My next unit is going to be a living room one - and there I really would need a big display - or a TV connection.
And a clock radio version with integrated speakers fits my bedroom just right - no need to buy a mini system just to connect an SB2.
Somehow Roku is on an easier path - they do not have to care about the server software, so they can concentrate on different hardware units for different niche markets.
For Slim Devices its a hard task to follow them, since they have also to take care of the server application.
Variety in hardware version is a big advantage, though...

Lee Harris
2005-09-19, 13:33
Now there's something that actually does look like an alarm clock :)

-----Original Message-----
From: jackaninny [mailto:jackaninny.1vm3vn (AT) no-mx (DOT) forums.slimdevices.com]
Sent: 19 September 2005 16:23
To: discuss (AT) lists (DOT) slimdevices.com
Subject: [slim] roku annouces 'clock radio' unit


more aimed at the bose product and that customer...

http://www.siliconvalley.com/mld/siliconvalley/12685951.htm

Posted on Mon, Sep. 19, 2005
Get up! Roku Internet radio rocks on easily By Dawn C. Chmielewski Mercury
News

Roku wants to replace your bedside clock radio with a gadget that tunes in
Internet radio stations and plays your digital music collection.

The SoundBridge Radio, which Roku announces today, is one of those rare
home-networked devices that was easy to set up and use -- just like a radio.
And it produced surprisingly rich sound quality that put it on a par with
Bose or Cambridge SoundWorks.

The SoundBridge Radio works like its traditional namesake -- it tunes in AM
and FM stations and plays music through its built-in, high-fidelity
speakers. But it also connects to your home's high-speed wireless network to
fetch and play music off your computer's hard drive or receive Internet
radio stations. Those include local stations that stream their broadcasts
online or channels that are found only on the Internet.

But Roku will have a tough time competing with the audiophile's favorite,
Bose's Wave Music System, when it comes to looks.

Roku's original networked home music player, the SoundBridge, has a
distinctive tubular design with a long LCD display that gave it a sleek,
futuristic feel. The SoundBridge Radio, on the other hand, bears an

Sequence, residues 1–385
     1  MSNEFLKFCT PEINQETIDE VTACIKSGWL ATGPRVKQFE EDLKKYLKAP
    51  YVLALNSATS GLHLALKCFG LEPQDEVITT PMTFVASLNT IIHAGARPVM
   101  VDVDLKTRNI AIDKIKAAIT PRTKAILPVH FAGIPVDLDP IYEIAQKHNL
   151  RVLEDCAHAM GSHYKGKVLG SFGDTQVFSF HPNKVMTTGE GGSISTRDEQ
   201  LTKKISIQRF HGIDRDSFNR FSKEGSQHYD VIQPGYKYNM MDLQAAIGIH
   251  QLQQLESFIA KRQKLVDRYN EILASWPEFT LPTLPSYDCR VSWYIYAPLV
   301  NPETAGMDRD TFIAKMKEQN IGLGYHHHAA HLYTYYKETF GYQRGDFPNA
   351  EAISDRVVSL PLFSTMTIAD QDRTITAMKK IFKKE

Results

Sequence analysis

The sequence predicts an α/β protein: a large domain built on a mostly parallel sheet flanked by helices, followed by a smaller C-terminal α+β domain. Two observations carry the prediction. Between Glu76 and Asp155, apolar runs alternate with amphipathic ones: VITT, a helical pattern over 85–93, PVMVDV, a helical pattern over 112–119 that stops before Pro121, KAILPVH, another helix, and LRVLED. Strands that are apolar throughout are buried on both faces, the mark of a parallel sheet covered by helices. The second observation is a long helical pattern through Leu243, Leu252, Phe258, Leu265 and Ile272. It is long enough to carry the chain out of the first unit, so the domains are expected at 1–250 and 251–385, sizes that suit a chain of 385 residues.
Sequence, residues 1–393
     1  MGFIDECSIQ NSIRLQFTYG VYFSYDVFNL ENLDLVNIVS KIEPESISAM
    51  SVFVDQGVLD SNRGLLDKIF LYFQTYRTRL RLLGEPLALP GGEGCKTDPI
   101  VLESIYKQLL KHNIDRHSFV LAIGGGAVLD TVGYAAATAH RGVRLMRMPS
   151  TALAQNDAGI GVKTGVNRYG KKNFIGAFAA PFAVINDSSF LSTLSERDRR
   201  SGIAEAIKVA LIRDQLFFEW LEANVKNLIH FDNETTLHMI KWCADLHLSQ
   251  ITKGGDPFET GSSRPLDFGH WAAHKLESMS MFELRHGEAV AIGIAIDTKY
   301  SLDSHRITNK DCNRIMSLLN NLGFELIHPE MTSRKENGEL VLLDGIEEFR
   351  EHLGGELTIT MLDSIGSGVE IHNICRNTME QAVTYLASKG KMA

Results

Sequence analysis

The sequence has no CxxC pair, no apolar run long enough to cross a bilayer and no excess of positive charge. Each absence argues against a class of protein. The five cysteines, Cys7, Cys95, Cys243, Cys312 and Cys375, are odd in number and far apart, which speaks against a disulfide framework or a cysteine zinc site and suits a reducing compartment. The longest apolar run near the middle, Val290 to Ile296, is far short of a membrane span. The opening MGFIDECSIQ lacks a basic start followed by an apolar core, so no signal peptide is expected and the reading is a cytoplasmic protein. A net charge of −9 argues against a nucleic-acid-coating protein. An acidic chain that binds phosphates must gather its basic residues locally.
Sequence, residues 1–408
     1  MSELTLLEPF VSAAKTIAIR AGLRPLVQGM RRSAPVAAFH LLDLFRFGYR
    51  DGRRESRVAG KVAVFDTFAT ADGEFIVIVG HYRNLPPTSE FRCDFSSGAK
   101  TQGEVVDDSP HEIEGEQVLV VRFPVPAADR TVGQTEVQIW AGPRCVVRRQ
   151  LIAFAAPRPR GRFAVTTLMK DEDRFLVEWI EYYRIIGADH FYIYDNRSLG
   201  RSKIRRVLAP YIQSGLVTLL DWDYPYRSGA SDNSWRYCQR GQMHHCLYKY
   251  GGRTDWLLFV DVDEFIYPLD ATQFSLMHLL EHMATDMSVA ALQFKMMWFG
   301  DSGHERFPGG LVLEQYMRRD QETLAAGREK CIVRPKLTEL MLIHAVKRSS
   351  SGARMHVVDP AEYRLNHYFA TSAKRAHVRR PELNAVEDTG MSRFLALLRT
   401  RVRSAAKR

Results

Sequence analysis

unfortunate resemblance to those gigantic home intercoms of the '60s.

Some people will hasten to note that what's important is not how a radio
looks, but how it sounds. Still, if Roku wants a spot on my granite kitchen
counter, it better look hot, too. That's doubly true if I'm prepared to lay
out $399 for a clock radio, instead of the usual $10.

But enough about looks.

Roku recognized an opportunity in the growing popularity of Internet radio,
which now attracts about 40 million listeners. The original SoundBridge let
people listen to Internet radio or their digital music collections through
their home stereo.

Of course, not everybody wants to invest the effort in modifying their
existing stereo equipment to liberate the music from their home computers.
The SoundBridge Radio targets this less-hassle-is-more market.

It took less than five minutes to add the radio to my encrypted wireless
home network. The LCD screen prompted me to provide the most basic
information -- language, time zone, country of residence and network
password, which I did using the remote control.

After briefly restarting, the SoundBridge Radio was ready to rock. A source
button lets you select audio options: AM or FM radio, Internet radio or your
digital music collection stored on a computer's hard drive or a memory card.

I was impressed with how the SoundBridge Radio automatically found the music
tucked away inside my Mac's iTunes folder. The only limitation -- and it's a
significant one -- is one Apple Computer has imposed. The SoundBridge Radio
cannot play music purchased from Apple's iTunes Music Store, because Apple
refuses to license its software to other hardware makers. (Apple, c'mon, set
my music free.)

The SoundBridge Radio works with other digital music services, playing music
purchased or played in a continuous stream from Napster or MSN Music. It
also will play music streams from RealNetworks' Rhapsody. But given that
Apple controls 82 percent of the paid online music market, this will give
iTunes music buyers pause.

Roku added some other nice touches that are worthy of mentioning. It ships
with 50 pre-programmed Internet radio stations, including my personal
favorite, the eclectic Radio Paradise. A scan button lets you find new
stations, just as you would tune any other radio.

The radio also has six preset buttons along the top, which can be configured
to remember 18 channels. Naturally, you can store your favorite radio
stations. But what I liked was the ability to also store playlists or even
albums fetched from my computer's hard drive. For example, I stored
Coldplay's ``X&Y'' by simply playing the album and touching a preset. The
system conveniently and automatically assigns names to each channel, so you
don't need total recall.

One more thing: It's a clock radio with alarm, with a big snooze button. But
don't toss this across the room when you're half asleep.
You'll regret it.

the help desk
Contact Dawn C. Chmielewski at dchmielewski@ mercurynews.com or (800)
643-1902.


--
jackaninny